The Secret Behind Ecological Developments That Meet New Sustainable Tourism Standards

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Miguel is responsible for LGS Panama Tourism Development’s operations.


A recent Technavio report revealed that consumers are becoming increasingly aware of the negative environmental impacts of tourism, which is spurring a demand for sustainable tourism. In fact, the sustainable tourism market is growing at a compound annual growth rate (CAGR) of 9.72% and is expected to register an incremental growth of $235.21 billion between 2020 and 2025, according to the report.

Is your development team ready to keep pace with these seismic shifts in the global sustainable tourism market? Have you considered how your next ecological development will incorporate the sustainable use of water, a local wastewater treatment plant, solar panels, electric internal transportation and more?

3 Ways To Improve The Local Environment And Mitigate Negative Impacts

The top three most important things a developer should be aware of when embarking on an ecological development are:

1. Conscious Water Consumption And Quality Protection

Preventing water pollution and waste is now a must-consider element of any ecological development. We cannot live without water, and yet only about 0.3% of the water resources worldwide are usable, causing more than one billion people to live without adequate drinking water. Given this—and the fact that water use doubled between 1940 and 1980 alone—it’s vital to be exceptionally careful with our water resources, especially as the global population continues to increase.

2. Air Quality Preservation, Including Its Sources Of Energy

Preserving the air quality of the local environment should be a top concern for any ecological developer. While researchers continue to explore the relationships between air quality and natural ecosystems to better understand how lakes, forests and other ecosystems are impacted by air pollution, research already shows that reductions in air pollution are associated with widespread public health benefits. For example, one study found that fine particle pollution reductions in U.S. cities between 1980 and 2000 led to marked improvements in the average life expectancy at birth.

3. Reduction Of Waste And Its Controlled Disposal

Responsibly planning for waste reduction and its controlled disposal is critical to any ecological development. Waste presents a challenge that affects everyone on earth—although with more than 90% of waste being openly dumped or burned in low-income countries, the poor and vulnerable are the most negatively impacted. In recent years, landslides of waste dumps have even buried homes and people under piles of waste. Sameh Wahba, World Bank Director for Urban and Territorial Development, Disaster Risk Management and Resilience, is quoted as saying, “Poorly managed waste is contaminating the world’s oceans, clogging drains and causing flooding, transmitting diseases, increasing respiratory problems from burning, harming animals that consume waste unknowingly, and affecting economic development, such as through tourism.”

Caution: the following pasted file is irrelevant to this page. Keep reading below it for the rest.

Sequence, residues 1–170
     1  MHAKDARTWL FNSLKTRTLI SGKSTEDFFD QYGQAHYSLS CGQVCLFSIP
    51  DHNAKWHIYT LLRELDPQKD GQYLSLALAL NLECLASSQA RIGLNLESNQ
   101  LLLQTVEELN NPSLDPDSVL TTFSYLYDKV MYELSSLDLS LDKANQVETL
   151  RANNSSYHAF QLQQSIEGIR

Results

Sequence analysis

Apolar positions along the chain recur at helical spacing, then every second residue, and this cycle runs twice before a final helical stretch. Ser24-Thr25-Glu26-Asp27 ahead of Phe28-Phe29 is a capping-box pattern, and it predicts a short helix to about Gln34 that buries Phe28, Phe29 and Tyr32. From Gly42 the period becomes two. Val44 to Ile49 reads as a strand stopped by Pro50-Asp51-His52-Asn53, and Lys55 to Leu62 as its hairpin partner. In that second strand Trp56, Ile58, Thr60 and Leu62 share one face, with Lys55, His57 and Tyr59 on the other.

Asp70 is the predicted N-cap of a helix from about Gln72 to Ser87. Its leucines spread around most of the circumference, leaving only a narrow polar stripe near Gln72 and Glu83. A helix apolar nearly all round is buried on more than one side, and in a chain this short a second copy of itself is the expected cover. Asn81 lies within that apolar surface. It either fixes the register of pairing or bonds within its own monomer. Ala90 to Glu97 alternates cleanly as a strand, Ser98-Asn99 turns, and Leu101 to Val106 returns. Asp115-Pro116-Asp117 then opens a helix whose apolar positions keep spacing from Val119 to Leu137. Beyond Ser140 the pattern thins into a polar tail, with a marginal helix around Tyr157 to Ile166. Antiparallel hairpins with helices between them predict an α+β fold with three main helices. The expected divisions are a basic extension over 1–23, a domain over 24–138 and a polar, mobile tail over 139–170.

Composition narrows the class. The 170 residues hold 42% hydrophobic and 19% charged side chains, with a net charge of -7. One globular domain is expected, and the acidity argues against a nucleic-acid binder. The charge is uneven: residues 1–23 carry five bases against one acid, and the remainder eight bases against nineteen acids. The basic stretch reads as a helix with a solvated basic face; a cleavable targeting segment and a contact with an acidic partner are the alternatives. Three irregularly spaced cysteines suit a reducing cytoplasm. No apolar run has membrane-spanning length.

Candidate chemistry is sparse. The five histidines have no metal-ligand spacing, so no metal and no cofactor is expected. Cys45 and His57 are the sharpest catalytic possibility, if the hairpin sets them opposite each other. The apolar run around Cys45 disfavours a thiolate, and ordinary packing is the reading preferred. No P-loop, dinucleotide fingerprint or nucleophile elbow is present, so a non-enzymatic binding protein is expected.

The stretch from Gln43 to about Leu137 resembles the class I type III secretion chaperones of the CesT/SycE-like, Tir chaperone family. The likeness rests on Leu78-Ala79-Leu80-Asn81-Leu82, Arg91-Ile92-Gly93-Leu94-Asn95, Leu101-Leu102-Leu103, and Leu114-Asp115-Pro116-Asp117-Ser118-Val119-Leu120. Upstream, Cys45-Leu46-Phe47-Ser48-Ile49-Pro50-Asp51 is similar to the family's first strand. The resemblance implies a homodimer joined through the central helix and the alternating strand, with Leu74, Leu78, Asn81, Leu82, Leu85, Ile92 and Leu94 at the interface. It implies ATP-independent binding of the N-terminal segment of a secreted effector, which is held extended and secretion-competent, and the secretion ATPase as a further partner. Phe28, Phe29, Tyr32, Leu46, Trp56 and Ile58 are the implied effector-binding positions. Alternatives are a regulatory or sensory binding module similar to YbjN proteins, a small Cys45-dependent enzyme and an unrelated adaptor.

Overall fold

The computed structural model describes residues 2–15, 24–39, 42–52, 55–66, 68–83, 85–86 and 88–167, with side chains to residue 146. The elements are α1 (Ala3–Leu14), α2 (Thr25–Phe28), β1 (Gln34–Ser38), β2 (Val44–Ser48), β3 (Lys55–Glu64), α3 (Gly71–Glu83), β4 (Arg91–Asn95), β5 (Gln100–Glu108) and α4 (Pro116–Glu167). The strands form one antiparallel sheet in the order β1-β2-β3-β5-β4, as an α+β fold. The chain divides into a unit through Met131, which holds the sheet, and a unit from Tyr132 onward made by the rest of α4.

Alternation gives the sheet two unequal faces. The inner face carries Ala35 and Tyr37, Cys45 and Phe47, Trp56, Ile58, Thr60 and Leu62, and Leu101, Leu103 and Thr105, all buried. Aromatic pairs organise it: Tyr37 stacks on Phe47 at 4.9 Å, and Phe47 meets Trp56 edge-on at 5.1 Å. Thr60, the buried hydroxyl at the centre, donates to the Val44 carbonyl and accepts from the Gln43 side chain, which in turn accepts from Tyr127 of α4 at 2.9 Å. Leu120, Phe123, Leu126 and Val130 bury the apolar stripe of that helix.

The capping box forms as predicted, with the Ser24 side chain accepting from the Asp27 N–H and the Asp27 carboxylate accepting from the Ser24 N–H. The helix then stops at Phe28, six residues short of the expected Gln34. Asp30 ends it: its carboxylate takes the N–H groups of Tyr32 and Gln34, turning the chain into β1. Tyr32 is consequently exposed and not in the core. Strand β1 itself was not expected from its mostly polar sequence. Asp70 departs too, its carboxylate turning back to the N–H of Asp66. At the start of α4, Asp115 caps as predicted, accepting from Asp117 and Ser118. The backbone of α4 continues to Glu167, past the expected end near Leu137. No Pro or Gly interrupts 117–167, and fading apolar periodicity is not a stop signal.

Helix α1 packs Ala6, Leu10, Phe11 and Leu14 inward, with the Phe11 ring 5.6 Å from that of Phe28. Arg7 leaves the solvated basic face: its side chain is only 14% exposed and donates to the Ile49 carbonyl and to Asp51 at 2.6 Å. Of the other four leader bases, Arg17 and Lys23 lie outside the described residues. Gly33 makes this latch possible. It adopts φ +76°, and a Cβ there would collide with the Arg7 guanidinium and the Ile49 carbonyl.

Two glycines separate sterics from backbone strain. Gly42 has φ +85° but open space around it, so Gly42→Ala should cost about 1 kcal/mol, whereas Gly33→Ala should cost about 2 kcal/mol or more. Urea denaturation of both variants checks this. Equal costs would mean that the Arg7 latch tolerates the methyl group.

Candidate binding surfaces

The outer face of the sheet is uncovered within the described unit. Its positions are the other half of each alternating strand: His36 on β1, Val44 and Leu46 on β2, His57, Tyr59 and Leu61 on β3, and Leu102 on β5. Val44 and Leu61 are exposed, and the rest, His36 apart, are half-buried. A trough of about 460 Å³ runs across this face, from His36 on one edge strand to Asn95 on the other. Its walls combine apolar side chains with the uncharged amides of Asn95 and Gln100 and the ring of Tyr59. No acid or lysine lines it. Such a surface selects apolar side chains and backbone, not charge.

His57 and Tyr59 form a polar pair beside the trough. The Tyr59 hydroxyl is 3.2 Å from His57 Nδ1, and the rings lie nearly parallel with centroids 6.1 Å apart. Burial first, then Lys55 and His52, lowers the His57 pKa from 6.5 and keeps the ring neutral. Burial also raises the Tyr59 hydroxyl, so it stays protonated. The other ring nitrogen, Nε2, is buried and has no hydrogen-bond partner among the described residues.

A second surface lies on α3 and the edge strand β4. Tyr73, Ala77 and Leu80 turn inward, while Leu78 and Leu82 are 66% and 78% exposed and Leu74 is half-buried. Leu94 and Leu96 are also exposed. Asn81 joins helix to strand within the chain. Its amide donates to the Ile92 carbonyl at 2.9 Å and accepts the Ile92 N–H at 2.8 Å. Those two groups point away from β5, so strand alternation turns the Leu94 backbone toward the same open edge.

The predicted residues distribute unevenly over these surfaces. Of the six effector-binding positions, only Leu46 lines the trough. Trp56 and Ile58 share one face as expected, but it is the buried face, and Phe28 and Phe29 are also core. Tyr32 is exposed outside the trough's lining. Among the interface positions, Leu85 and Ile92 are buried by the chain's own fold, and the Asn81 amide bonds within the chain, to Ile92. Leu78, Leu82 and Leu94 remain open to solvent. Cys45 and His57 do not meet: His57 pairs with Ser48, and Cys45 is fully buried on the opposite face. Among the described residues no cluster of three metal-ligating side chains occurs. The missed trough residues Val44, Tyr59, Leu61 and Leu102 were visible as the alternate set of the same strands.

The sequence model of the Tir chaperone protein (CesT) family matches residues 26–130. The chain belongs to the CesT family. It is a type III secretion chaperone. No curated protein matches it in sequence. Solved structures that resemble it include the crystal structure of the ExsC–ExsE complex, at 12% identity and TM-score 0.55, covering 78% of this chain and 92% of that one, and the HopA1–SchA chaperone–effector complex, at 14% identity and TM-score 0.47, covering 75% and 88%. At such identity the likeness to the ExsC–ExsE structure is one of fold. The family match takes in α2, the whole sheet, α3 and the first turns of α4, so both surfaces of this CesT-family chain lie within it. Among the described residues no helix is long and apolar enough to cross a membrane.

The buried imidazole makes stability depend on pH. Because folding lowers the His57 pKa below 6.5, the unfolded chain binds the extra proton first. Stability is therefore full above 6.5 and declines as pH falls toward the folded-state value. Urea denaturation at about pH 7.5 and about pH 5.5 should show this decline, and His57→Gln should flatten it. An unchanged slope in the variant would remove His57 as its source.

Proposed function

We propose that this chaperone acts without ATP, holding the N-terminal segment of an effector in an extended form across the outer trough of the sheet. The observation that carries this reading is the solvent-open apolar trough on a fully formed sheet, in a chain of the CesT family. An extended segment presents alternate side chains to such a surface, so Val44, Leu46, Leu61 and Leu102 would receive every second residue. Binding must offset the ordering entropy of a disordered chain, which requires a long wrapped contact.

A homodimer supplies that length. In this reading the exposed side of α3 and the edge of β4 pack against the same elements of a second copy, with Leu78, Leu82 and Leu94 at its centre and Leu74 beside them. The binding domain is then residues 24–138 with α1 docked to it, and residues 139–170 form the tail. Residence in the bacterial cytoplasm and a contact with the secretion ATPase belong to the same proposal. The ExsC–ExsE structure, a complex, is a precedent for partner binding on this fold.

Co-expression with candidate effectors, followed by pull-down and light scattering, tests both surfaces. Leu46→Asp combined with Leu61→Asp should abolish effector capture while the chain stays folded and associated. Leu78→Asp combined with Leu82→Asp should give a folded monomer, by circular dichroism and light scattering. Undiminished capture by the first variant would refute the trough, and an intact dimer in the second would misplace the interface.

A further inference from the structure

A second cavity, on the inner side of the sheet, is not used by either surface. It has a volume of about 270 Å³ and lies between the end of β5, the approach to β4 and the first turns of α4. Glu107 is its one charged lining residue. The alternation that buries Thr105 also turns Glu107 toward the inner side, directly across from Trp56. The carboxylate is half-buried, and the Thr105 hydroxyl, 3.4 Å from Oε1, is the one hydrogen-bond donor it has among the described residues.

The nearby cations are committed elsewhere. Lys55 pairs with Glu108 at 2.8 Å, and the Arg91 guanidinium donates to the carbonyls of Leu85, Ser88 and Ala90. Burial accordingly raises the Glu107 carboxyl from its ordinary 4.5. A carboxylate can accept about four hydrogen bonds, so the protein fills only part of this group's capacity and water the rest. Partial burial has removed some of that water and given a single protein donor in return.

Sustainable Tourism Development Guidelines And Practices

In addition to considering the environmental impact of all ecological developments, it’s also important for new tourism projects to consider whether they fall under the umbrella of “sustainable tourism.”

The World Tourism Organization defines sustainable tourism as “tourism that takes full account of its current and future economic, social and environmental impacts, addressing the needs of visitors, the industry, the environment and host communities.”

As a result, all tourism developments should consider these three best practices when it comes to sustainable tourism:

• Optimize environmental resources. All ecological developers should work to conserve the natural heritage and biodiversity of the environment and maximize the use of natural resources.

• Honor the socio-cultural authenticity of the place. It’s equally important to pay homage to the socio-cultural authenticity of the communities in which you build, conserving their existing heritage and values.

• Ensure long-term socio-economic benefits. Make sure the development provides a socio-economic benefit to the community in a sustainable way by providing stable employment opportunities and contributing to the long-term alleviation of poverty.

Creating ecological development and achieving sustainable tourism requires a consistent commitment to monitoring the impact of the project. It is a continuous process that may require corrections at times.

By maintaining the highest level of tourist satisfaction and ensuring your project provides them with a meaningful experience, you can not only raise awareness of sustainability issues but also promote sustainable tourism practices among the very tourists who are increasingly valuing this approach.

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